Last post, I talked about the time we invested to get our first rental property up and running. As landlords, my wife and I may have an odd perspective on our tenants. They are, in fact, our customers. Our goal is to keep them happy enough to continue to occupy our property while paying the rent on time and causing as little wear and tear on the unit itself. We’ve had 100% occupancy for 10 whole months (yes, I know that’s hardly a world record). Starting up a rental, I knew we would be spending time and energy to keep our customers happy. I didn’t know exactly how much it would take, so I kept track of our hours. Let’s take a closer look at what we’ve done and how much time it took…
Our first tenant came to us on the recommendation of a great friend. Even better, the prospective tenant was in a pinch and needed a place quickly. It was November 15, and our place was almost ready. Despite a few missed milestones from Home Depot in delivering appliances and counter tops, we thought we could accommodate this tenant if she went through our application process. Things checked out, and we settled on a 6 month lease with the intent of signing a new 12 month lease in the late spring during peak rental season in our area. Because our tenant came to us, we didn’t spend much time or effort to “sell” our unit. Most of our time was spent developing our lease and application process. All in all, we spent about 40 hours preparing our lease, showing the unit, and signing the lease with our tenant. I should mention that we used this e-book, The Everything Lease Addendum: How-to For Landlords by Elizabeth Collective over at reluctantlandlord.net to help us write our lease, and it was one of the most helpful resources we’ve found as new landlords.
Our first tenant moved in while the unit was still being renovated. We never took photos of the empty interior space.
Doh! <Smacks forehead>
We remedied this oversight in August 2016. But, it was one of the more frustrating parts of trying to rent our unit. Note to aspiring landlords. Take photos. Take great photos. Take lots of great photos. If you don’t have a decent camera (by the way, your cellphone is not a decent camera) and a basic understanding of photography, hire a real estate photographer. It’s almost impossible to get web traffic without photos. And, great photos will set your rental unit apart. Hopefully, the images will serve you for many years to come.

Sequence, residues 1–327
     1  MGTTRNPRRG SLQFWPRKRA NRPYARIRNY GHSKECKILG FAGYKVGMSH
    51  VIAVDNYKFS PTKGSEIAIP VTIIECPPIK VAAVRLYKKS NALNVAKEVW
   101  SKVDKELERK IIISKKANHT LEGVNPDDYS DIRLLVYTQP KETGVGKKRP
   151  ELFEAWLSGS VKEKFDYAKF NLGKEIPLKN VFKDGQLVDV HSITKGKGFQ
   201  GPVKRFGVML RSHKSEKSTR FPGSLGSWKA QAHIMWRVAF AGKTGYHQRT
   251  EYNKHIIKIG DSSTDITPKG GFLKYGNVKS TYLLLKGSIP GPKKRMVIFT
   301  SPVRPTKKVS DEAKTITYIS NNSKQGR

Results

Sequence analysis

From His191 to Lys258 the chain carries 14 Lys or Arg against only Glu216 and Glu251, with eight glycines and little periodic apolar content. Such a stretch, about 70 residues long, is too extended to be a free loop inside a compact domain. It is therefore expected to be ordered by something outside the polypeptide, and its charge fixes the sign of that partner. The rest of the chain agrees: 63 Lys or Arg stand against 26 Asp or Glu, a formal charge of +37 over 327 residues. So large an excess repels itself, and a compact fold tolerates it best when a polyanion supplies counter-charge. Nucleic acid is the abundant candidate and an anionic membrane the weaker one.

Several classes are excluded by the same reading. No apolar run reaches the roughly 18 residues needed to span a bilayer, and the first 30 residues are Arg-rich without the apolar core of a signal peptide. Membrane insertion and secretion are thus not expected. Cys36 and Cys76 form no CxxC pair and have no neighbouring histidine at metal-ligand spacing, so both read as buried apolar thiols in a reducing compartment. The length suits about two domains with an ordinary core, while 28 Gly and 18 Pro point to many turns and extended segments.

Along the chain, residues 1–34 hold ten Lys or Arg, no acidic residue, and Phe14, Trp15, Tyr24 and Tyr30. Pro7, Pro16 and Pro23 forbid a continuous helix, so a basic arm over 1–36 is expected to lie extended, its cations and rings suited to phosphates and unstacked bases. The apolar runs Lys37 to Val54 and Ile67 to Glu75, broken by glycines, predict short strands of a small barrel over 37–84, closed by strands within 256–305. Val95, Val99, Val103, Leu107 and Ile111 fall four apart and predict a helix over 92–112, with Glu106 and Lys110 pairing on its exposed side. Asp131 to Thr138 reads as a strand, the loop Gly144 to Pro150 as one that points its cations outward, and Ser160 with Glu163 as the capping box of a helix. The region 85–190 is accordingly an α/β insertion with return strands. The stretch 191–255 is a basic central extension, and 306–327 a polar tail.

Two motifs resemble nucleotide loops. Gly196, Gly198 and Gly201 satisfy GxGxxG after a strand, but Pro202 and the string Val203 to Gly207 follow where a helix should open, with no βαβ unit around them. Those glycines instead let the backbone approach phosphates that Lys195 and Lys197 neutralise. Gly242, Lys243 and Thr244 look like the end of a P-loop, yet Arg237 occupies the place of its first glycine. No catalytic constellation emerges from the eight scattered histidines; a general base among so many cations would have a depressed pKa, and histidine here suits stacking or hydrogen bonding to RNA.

Our first tenant left after about 8 months; she needed a larger space to accommodate her kids who were moving back in with her after finishing college. So in August, we needed to go through all the tenant screening steps in addition to creating the marketing materials for our unit. In total, we spent 33 hours taking photos, building a virtual tour, and updating our lease. We showed the apartment 4 separate times (about 1/2 to 1 hour each time). So, our total to get the unit re-rented in July/August was just under 40 hours.
So, what happened in between?
Remember how everyone who told you not to become a landlord cited not wanting to fix toilets!? I can tell you that we didn’t fix the toilet ourselves. Within two months of leasing the unit, we had a pipe inside our floor/the unit below ours start leaking. We spent 7.5 hours coordinating/supervising/figuring out who would pay for the repair in January of 2016.
Book keeping and taxes occupied a bunch of time in 2016: about 14 hours in April went to tax preparation & research.
Remember how I said we’re making about $20/hour when you include all the searching and renovations? Let’s take away those startup costs. We’ll remove the ~200 hours we spent searching for a rental property. And, let’s remove the 400 hours we spent renovating. Now, for some fun math: $17,000 divided by 200 hours of operations.
Wait for it
Not bad for a side hustle. That works out to the hourly wage of a hand or foot model!